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Wrestling Jacob (a.k.a. Come, O Thou Traveler Unknown)

Charles Wesley

24And Jacob was left alone; and there wrestled a Man with him until the breaking of the day. 25And when He saw that he prevailed not against him, He touched the hollow of his thigh; and the hollow of Jacob's thigh was out of joint, as he wrestled with Him. And He said, “Let me go, for the day breaketh.” And he said, “I will not let Thee go, except Thou bless me.” 27And he said unto him, “What is thy name?” And he said, “Jacob.”  28And he said, “Thy name shall be called no more Jacob, but Israel: for as a prince hast thou power with God and with men, and hast prevailed.”  29And Jacob asked him, and said, “Tell me, I pray thee, thy name.” And he said, “Wherefore is it that thou dost ask after my name?” And he blessed him there. — Genesis 32:24-29 KJV

4Yea, he had power over the Angel, and prevailed: he wept, and made supplication unto Him: he found Him in Beth-el, and there He spake with us; 5even the Lord God of hosts; the Lord is His memorial. 6Therefore turn thou to thy God: keep mercy and judgment, and wait on thy God continually. — Hosea 12:4-6 KJV

Come, O Thou Traveler unknown,
Whom still I hold, but cannot see;
My company before is gone,
And I am left alone with Thee.
With Thee all night I mean to stay
And wrestle till the break of day.

I need not tell Thee who I am,
My misery, or sin, declare;
Thyself hast call’d me by my name,
Look on Thy hand and read it there.
But who, I ask Thee, who art Thou?
Tell me Thy name, and tell me now!

In vain Thou strugglest to get free,
I never will unloose my hold;
Art Thou the Man that died for me?
The secret of Thy love unfold;
Wrestling I will not let Thee go,
Till I Thy name, Thy nature know.

Wilt Thou not yet to me reveal
Thy new, unutterable name?
Tell me, I still beseech Thee, tell,
To know it now resolv’d I am;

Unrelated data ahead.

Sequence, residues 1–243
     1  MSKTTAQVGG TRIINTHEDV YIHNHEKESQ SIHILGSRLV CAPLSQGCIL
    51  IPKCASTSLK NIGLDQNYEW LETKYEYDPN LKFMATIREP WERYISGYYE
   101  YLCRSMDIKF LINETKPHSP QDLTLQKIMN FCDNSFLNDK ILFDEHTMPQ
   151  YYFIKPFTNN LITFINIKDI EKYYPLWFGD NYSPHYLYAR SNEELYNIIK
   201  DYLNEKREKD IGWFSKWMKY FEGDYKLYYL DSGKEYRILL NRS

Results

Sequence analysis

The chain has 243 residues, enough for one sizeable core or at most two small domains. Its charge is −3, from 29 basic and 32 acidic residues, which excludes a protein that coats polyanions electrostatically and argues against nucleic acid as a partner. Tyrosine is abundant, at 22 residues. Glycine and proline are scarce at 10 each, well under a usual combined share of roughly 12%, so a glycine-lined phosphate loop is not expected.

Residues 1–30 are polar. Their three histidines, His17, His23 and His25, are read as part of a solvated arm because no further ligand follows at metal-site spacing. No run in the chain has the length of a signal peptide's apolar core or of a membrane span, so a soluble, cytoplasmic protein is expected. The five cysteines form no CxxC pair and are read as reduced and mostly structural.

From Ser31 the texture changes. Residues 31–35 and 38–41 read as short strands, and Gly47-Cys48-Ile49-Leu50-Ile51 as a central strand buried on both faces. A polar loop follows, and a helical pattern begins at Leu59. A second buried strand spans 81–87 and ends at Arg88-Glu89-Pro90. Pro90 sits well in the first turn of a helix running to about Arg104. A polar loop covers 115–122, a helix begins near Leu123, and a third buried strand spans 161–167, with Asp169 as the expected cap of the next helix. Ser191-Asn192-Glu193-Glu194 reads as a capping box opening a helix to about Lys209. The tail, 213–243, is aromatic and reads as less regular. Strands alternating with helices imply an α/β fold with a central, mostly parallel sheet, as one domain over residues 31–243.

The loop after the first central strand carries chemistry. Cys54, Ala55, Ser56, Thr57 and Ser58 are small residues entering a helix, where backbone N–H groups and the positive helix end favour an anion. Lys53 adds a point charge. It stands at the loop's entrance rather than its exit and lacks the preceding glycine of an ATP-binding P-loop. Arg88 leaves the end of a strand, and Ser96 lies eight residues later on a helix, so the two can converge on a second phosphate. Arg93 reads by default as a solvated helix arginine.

Wrestling I will not let Thee go
Till I Thy name, Thy nature know.

’Tis all in vain to hold Thy tongue,
Or touch the hollow of my thigh;
Though every sinew be unstrung,
Out of my arms Thou shalt not fly.
Wrestling I will not let Thee go,
Till I Thy name, Thy nature know.

What tho’ my shrinking flesh complain,
And murmur to contend so long,
I rise superior to my pain;
When I am weak then I am strong.
And when my all of strength shall fail,
I shall with the God-man prevail.

My strength is gone, my nature dies,
I sink beneath Thy weighty hand,
Faint to revive, and fall to rise;
I fall, and yet by faith I stand,
I stand, and will not let Thee go,
Till I Thy name, Thy nature know.

Yield to me now—for I am weak,
But confident in self-despair;
Speak to my heart, in blessing speak,
Be conquer’d by my instant prayer;
Speak, or Thou never hence shalt move,
And tell me if Thy name is Love.

’Tis Love, ’tis Love!  Thou diedst for me,
I hear Thy whisper in my heart.
The morning breaks, the shadows flee:
Pure universal Love Thou art;
To me, to all, Thy mercies move—
Thy nature, and Thy name is Love.

My prayer hath power with God; the grace
Unspeakable I now receive;
Thro’ faith I see Thee face to face,
I see Thee face to face, and live;
In vain I have not wept, and strove,
Thy nature, and Thy name is Love.

I know Thee, Savior, who Thou art,
Jesus, the feeble sinner’s friend;
Nor wilt Thou with the night depart,
But stay, and love me to the end;
Thy mercies never shall remove,
Thy nature, and Thy name is Love.

The Sun of Righteousness on me
Hath ris’n with healing in His wings,
Wither’d my nature’s strength; from Thee
My soul its life and succor brings,
My help is all laid up above;
Thy nature and Thy name is Love.

Contented now upon my thigh
I halt, till life’s short journey end;
All helplessness, all weakness I,
On Thee alone for strength depend,
Nor have I power from Thee to move;
Thy nature, and Thy name is Love.

Lame as I am, I take the prey,
Hell, earth, and sin with ease o’ercome;
I leap for joy, pursue my way,
And as a bounding hart fly home,
Through all eternity to prove
Thy nature and Thy Name is Love.1


Lyre and Wreath, used under license from www.123rf.com (santi0103/123RF Stock Photo)

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  1. These last two stanzas are quoted by Percy Gutteridge in The Preparation of the Man of Faith.
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